Open Access

Altered immune status of circulating T lymphocytes during sepsis: children also

Critical Care201418:486

https://doi.org/10.1186/s13054-014-0486-0

Published: 14 August 2014

Abstract

Altered immune status of blood leukocytes is a general phenomenon observed in adult patients with sepsis or septic shock. This is also the case in children with septic shock for both T helper 1 and T helper 2 lymphocytes, as demonstrated by their reduced ex vivo cytokine production upon activation by phytohemagglutinin.

In a recent paper published in Critical Care, Muszynski and colleagues [1] report that, in children with septic shock, purified blood CD4+ T lymphocytes display an altered responsiveness to a non-specific mitogen (phytohemagglutinin A (PHA)) as assessed by reduced production of IL-2, interferon (IFN)-γ, IL-4 and IL-10. They also showed that lipopolysaccharide (LPS)-induced TNF is decreased, and that the percentage of circulating regulatory T lymphocytes (Tregs) is unchanged.

This is probably the first study establishing that in children, as in adults, the immune status of circulating CD4+ T lymphocytes is altered in terms of cytokine production. The early demonstration of an altered T-cell response in adult patients with sepsis was reported in 1977, when a significant reduced delayed-type hypersensitivity to recall antigens was observed [2]. Unfortunately, other functional tests to precisely assay the adaptive responsiveness of T cells (for example, response to antigens, specific cytotoxicity, and so on) are scarce.

Different observations in Muszynski and colleagues’ study are of interest. First, the authors report that the mortality was only 9%, a value far below that regularly reported for adults with septic shock [3]. This low percentage of deceased children is in agreement with the known low mortality rates in children for several infectious and non-infectious diseases compared with adults [4]. This may reflect that children would be less prone to develop a severe cytokine storm since they display lower capacity to release cytokines [5]. Indeed, the levels of plasma cytokines found by the authors appear lower than those usually reported in adult patients with septic shock.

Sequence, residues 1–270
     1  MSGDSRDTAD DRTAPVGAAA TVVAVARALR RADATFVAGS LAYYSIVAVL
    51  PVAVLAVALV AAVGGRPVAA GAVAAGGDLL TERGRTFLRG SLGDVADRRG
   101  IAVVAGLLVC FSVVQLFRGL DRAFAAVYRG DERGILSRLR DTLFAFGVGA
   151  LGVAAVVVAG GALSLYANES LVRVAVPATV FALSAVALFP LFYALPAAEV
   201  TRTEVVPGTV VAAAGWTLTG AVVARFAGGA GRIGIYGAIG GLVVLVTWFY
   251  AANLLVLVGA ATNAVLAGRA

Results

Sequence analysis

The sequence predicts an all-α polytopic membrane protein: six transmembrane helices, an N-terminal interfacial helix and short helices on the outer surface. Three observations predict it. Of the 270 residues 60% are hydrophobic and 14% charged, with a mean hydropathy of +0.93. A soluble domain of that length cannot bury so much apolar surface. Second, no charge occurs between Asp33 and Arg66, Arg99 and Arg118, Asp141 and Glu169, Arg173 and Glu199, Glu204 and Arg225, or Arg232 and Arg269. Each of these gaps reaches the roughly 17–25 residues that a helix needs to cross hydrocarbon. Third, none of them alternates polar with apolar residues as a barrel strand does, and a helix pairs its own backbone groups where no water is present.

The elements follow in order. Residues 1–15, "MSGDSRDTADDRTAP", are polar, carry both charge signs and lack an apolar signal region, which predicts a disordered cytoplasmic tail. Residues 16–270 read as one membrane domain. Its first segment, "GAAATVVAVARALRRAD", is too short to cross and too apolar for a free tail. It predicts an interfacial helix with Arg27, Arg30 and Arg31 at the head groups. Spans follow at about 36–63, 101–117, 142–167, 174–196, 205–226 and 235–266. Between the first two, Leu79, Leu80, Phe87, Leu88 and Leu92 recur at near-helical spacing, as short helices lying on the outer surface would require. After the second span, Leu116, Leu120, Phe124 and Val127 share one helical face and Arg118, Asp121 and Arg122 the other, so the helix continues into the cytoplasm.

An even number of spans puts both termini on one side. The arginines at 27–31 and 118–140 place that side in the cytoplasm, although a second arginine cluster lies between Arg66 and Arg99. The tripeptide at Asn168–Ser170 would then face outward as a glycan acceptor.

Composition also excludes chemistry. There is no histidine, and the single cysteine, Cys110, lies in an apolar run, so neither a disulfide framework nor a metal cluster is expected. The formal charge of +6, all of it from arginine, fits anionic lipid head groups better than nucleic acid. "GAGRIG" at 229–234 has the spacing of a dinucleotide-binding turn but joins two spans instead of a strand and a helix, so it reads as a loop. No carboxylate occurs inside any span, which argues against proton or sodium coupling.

Second, another very interesting observation is that all PHA-induced cytokines were reduced in children with septic shock and persistent or nosocomial infection, independent of whether they were classified as T helper (Th)1 (IFNγ, IL-2) or Th2 (IL-4, IL-10) cytokines. This is against the dogma claiming that sepsis is associated with an up-regulation of the Th2 response and a down-regulation of the Th1 response. However, this fits with a previous study in adults with sepsis or non-infectious systemic inflammatory response syndrome (SIRS) [6], and with another report in trauma patients [7] in whom production of both ex vivo Th1 and Th2 cytokines was altered. Furthermore, the authors showed that the decreased capacity of CD4+ T lymphocytes to produce cytokines was transient and normal responsiveness was restored by day 7. A similar observation was made for LPS-induced TNF production, which was restored by day 7 except in the two non-surviving children. This is reminiscent of what was already reported for cytokine production by LPS-activated monocytes in adults with sepsis, which remained below normal levels in non-surviving patients [8].